Pulmonary drug delivery is increasingly used for both treatment of lung diseases (such as asthma and chronic obstructive pulmonary disease) and in delivering drugs to the systemic circulation. To reach the desired effectiveness and safety of orally/nasally inhaled drugs, appropriate deposition of drugs on targeted region is essential. Due to complex pharmaceutical and physiological factors underlying bioavailability of inhaled drug products, computational modeling tools are urgently required to provide mechanistic insights of involved delivery processes and to estimate efficacy of pulmonary drug delivery in an accurate and efficient manner. Therefore, in this project, we propose to develop a novel multi-scale computational tool to simulate deposition, dissolution, absorption, transport, clearance, and actions of inhaled drug products within an integral framework of computational fluid dynamics (CFD) and PBPK-PD models. In Phase I, we will (1.) develop the hybrid CFD model of particle deposition in the entire human airways, (2.) extend the CFD models accounting for various physiological and pathological settings, and (3.) integrate CFD deposition models with pharmacokinetic models to estimate various pharmaceutical and physiological factors on pulmonary drug delivery. The associated computational investigations will greatly facilitate drug development by identifying key biopharmaceutical factors affecting efficacy and safety of inhaled drugs. In Phase II, we will further improve the computational tool model developed in Phase I by focusing on integration with physiology and compound databases, model calibration/validation, development of the software GUI, and demonstration of more pharmaceutical applications. The proposed computational tool will provide a mechanism-based virtual platform to investigate interactions between drug delivery systems and physiological/pathological systems, to provide mechanistic insights into key aspects affecting efficacy and safety of inhaled drug products, and to guide optimal designs of pulmonary drug delivery systems.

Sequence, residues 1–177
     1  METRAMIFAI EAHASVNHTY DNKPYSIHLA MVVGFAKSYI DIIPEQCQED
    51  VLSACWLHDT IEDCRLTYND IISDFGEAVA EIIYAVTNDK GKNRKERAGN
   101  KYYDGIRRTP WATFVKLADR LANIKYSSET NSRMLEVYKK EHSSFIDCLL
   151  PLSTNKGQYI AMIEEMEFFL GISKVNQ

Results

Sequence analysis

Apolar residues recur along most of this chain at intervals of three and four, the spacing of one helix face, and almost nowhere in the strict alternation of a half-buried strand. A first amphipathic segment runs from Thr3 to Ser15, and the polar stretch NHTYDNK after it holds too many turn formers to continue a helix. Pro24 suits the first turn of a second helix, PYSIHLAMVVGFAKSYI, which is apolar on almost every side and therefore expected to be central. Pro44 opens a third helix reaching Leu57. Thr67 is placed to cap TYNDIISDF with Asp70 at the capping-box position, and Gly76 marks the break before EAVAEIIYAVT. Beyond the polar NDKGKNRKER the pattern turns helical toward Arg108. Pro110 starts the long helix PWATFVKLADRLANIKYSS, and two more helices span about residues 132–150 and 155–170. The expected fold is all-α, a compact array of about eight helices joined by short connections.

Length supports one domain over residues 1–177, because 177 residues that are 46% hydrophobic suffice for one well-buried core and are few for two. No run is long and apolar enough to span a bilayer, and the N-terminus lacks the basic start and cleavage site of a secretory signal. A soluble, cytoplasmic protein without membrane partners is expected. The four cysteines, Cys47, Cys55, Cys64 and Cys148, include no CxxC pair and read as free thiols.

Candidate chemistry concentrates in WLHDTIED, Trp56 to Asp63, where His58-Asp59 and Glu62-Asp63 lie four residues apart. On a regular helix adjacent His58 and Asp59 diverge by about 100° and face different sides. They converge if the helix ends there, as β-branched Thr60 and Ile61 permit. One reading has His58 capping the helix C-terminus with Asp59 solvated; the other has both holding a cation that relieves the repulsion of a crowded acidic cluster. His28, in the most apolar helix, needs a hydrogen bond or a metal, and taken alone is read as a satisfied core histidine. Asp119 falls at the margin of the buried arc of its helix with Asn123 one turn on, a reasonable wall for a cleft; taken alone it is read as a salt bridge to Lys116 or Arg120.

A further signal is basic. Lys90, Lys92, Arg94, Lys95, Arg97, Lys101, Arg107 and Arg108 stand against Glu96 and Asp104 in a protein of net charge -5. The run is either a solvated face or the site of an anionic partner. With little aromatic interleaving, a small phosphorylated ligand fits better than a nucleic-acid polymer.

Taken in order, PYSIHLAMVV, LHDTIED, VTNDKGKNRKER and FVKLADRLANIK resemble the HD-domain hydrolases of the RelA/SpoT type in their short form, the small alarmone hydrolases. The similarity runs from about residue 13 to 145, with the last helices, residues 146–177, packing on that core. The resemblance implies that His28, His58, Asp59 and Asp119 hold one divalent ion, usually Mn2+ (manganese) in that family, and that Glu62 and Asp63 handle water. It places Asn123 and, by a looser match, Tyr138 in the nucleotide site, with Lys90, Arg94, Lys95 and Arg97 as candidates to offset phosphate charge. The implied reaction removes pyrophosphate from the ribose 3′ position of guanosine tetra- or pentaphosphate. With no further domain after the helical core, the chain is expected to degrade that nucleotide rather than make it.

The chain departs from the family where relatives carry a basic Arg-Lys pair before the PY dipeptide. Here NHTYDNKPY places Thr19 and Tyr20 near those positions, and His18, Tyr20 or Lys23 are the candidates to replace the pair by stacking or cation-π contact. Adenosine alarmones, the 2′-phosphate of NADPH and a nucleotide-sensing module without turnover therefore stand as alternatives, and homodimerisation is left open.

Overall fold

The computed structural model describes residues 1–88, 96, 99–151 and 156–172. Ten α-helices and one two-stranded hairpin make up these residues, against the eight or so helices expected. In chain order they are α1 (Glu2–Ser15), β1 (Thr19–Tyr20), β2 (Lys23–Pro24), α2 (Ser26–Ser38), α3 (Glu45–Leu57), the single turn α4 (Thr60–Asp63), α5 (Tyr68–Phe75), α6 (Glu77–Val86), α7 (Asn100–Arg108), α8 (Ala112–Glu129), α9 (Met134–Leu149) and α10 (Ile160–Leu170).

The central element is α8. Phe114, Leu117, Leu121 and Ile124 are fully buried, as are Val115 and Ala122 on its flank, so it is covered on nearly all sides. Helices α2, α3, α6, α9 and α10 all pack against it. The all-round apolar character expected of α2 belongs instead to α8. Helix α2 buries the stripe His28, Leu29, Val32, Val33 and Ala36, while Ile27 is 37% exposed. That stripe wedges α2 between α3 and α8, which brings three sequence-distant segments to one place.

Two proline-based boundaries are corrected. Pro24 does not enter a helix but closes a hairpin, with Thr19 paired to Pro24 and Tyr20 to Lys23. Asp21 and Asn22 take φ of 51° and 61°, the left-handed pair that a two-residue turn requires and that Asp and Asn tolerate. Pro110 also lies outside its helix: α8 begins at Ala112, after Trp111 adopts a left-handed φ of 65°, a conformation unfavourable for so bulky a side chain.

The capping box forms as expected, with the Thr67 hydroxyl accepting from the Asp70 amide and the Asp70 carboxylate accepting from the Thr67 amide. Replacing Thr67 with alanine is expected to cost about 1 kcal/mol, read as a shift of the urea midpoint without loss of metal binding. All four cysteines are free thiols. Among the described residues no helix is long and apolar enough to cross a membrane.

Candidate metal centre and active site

The novel software tool proposed in this project will provide an efficient and accurate computational platform to virtually test, design, and develop inhaled drug products by investigating interactions between pulmonary delivery systems and the human physiological systems at multiple scales. Applications of the proposed computational tool will reveal key aspects affecting fate of administered drugs and consequent therapeutic or toxic effects. Hence, the developed computational tool will meet urgent demands from pharmaceutical and biomedical industries by accelerating drug discovery and development processes, by facilitating translational applications from bench to bedside, by increasing success rates of new pulmonary drug products, and by ultimately helping reduce health care burdens on society.